Instagram is demonstrated on an iPhone Monday, April 9, 2012, in New York. Since Verizon Wireless broke AT&T's exclusive grip on the iPhone last year, several other phone carriers now offer Apple's popular smartphone. On Monday, T-Mobile said it will make a stronger bid for used iPhones from AT&T as Apple prepares to launch a new version. (AP Photo/Karly Domb Sadof)
A new study says that about half of teens have an iPhone and more than half want to buy one in the future.
The biannual teen survey by Piper Jaffray showed that teens are embracing smartphones and seem to want iPhones, according to Fortune. About 48 percent of teens in the survey own an iPhone, up from 40 percent last fall, and 62 percent plan on buying an iPhone in the future, the same as last fall.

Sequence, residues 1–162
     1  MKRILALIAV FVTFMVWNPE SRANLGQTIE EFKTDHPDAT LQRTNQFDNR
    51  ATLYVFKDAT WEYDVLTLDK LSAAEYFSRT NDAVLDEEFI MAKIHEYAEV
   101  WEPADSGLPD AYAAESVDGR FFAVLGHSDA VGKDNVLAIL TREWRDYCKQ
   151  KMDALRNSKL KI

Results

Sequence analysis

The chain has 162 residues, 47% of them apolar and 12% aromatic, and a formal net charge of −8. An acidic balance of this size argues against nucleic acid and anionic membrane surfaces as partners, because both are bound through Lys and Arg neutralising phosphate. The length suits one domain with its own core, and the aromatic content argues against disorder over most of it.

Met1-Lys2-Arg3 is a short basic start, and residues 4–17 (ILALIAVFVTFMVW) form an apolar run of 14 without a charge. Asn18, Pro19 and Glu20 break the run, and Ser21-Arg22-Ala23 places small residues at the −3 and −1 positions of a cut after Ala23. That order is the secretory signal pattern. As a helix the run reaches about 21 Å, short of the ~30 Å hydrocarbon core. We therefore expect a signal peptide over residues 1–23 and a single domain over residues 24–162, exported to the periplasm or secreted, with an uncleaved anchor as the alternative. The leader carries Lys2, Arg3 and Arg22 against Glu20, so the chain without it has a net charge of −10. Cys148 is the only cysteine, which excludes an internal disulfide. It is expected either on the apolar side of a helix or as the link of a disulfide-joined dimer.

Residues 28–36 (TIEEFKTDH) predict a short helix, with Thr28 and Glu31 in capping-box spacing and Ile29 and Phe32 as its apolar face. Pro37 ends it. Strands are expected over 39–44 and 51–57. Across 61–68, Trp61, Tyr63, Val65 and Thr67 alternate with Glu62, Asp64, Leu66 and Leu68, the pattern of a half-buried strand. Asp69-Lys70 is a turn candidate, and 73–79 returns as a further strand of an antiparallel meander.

The numbers are slightly higher for higher-income teens than average-income teens, according to the survey. However, this doesn't mean that Android is completely ignored. Approximately 23 percent expect to buy an Android phone, up from 22 percent last fall.
Teens also said they expected to buy a tablet in the next six months (17 percent, down from 20 percent) and the majority (68 percent) plan to buy an iPad.
The survey was conducted from electronic surveys and classroom visits of 1,600 teens from high-income homes of $104,000 or more and 3,600 teens from average-income homes of around $54,000.
While we don't usually doubt the numbers, we are a bit more skeptical of numbers coming from an investment bank, especially one whose analyst Gene Munster is such an Apple booster. Still the survey does give an insight to other trends, from eateries to skinny jeans, so it's a good read.